Rosburg was born in San Francisco, California. He played golf as a junior at the Olympic Club, and at the age of 12, he faced the then-retired baseball Hall of Famer, Ty Cobb, in the first flight of the club championship, and beat Cobb 7 and 6. Rosburg says Cobb was gracious in defeat and shook the young Rosburg's hand, but Cobb took so much kidding from the other Olympic Club members that for many years, Rosburg hardly ever saw Cobb back at the club. Rosburg was an outstanding baseball player at Stanford University in Palo Alto, California during the 1940s, and almost chose baseball as a career over golf. He graduated from Stanford in 1949, and turned pro in 1953. He is a member of the Stanford Athletic Hall of Fame.
During his career, Rosburg was one of the most consistent top-10 finishers on the PGA Tour. Rosburg won the Vardon Trophy in 1958 for the lowest average score (70.11) on tour that year. Rosburg's career year was 1959, when he finished seventh on the money list and was named to the Ryder Cup team, after winning the PGA Championship and finishing second in the U.S. Open. In 1969, he won the PGA Club Professional Championship. He won six tour events during the course of his career, before moving into semi-retirement after the 1972 season, his most successful financially. That year, he won the Bob Hope Desert Classic by one stroke over Lanny Wadkins.
The 1959 PGA Championship was played at the Minneapolis Golf Club in St. Louis Park, Minnesota. Rosburg won with a 72-hole score of 277 by one stroke over Jerry Barber and Doug Sanders. Rosburg claimed that he won the 1959 PGA Championship without ever hitting a practice shot during that week, except for a few chips and puts. He came close to winning a second major that year, finishing 2nd at the U.S. Open to Billy Casper. He also finished in a three-way tie for 2nd at the 1969 U.S. Open, one stroke behind Orville Moody.
After his playing days on the PGA Tour finished in the mid-1970s, Rosburg became a commentator for ABC sports television. He pioneered the now-common practice of roving on the golf course and reporting from the fairways. At the time of his death, he was the longest serving active golf announcer on television, with more than 30 years behind the microphone. He is remembered for his catch phrase, "He's got no chance, Jim", which Rosburg would utter whenever he encountered a golfer who had hit his ball into a seemingly impossible position (usually behind a tree or in deep grass), upon which the player would then produce a miraculous recovery. The "Jim" is in reference to ABC commentator Jim McKay. Rosburg is also credited with helping ABC hire Judy Rankin, who was the first full-time female golf commentator to cover men's events, including the major championships. Rosburg worked nearly three decades as a commentator with Dave Marr, who like Rosburg won a single PGA Championship.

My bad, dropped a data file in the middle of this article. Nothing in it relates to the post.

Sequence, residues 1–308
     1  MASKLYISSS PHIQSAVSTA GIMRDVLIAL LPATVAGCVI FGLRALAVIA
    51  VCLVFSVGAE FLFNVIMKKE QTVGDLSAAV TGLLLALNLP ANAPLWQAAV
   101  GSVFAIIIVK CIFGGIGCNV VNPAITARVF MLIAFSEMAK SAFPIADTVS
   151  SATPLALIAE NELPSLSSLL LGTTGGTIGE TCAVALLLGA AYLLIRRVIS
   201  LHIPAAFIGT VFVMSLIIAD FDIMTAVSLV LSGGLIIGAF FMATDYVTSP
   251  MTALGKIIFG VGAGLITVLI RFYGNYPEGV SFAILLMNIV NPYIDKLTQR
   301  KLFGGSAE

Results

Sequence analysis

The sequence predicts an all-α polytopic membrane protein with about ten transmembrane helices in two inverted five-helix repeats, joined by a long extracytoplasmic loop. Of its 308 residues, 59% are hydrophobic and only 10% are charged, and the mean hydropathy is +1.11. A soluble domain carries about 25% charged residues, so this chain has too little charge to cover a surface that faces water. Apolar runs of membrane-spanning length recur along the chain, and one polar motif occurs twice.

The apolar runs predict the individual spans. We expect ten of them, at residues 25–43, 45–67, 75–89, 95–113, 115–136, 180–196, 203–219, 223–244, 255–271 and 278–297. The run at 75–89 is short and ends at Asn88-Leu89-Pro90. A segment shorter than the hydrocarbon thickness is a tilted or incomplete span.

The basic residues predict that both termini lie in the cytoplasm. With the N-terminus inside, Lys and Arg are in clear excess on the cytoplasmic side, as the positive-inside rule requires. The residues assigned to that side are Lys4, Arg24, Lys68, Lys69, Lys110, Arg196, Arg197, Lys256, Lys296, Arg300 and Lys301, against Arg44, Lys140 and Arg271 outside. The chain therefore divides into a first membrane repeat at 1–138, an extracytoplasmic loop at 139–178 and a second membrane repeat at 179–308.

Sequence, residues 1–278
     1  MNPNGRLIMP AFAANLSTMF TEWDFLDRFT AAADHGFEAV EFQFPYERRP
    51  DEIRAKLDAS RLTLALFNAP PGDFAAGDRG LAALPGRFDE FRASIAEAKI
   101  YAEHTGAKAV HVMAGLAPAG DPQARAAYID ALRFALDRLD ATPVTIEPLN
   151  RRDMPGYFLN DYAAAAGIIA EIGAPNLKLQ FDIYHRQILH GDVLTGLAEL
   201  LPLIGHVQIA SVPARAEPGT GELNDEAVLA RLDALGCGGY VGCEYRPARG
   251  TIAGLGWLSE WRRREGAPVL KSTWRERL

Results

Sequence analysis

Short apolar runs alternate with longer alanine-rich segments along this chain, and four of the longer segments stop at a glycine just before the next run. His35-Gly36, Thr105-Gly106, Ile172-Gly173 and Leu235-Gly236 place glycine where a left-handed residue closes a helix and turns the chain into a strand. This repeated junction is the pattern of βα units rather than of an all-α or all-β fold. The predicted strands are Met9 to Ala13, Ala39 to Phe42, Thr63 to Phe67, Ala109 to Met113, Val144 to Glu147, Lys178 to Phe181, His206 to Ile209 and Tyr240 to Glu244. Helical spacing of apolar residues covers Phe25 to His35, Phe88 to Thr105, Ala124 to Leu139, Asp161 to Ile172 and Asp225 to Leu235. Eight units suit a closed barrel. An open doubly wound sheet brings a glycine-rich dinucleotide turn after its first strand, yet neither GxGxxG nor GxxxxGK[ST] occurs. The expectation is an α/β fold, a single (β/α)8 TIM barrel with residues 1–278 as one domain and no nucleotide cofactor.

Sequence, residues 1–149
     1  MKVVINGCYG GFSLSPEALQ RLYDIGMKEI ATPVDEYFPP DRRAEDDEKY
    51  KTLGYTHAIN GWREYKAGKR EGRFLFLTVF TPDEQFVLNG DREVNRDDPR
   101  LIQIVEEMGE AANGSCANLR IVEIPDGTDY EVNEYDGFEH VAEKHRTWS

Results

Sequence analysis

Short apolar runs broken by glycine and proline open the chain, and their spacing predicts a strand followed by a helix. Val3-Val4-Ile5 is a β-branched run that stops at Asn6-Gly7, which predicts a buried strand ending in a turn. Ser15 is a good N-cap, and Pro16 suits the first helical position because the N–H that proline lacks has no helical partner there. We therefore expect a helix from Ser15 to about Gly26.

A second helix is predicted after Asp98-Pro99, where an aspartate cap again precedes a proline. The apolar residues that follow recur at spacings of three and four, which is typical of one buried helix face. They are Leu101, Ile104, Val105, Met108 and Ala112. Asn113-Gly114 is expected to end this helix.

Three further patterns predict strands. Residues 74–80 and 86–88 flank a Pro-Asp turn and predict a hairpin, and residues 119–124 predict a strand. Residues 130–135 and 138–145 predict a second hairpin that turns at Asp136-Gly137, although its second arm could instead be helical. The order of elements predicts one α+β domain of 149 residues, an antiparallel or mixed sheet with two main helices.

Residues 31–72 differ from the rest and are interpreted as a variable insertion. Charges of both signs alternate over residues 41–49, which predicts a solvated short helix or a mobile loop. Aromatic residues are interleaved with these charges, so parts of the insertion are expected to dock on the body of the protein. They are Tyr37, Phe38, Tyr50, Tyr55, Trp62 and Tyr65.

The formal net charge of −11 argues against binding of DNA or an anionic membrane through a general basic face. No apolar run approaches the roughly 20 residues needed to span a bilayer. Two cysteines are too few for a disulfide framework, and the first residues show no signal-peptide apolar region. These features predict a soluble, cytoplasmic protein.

Rosburg died in Palm Springs, California after sustaining a head injury in a fall at an Indio, California restaurant. He is survived by his wife and their three children.
PGA Tour playoff record (1–5)
Major championship is shown in bold.1957 Mexican Open
1959 Utah Open
1969 PGA Club Professional Championship
1981 Liberty Mutual Legends of Golf (with Gene Littler)
Note: Rosburg never played in The Open Championship.
CUT = missed the half-way cut (3rd round cut in 1960 PGA Championship)Most consecutive cuts made – 7 (twice)
Longest streak of top-10s – 2 (three times)
DQ = disqualified
"T" = tied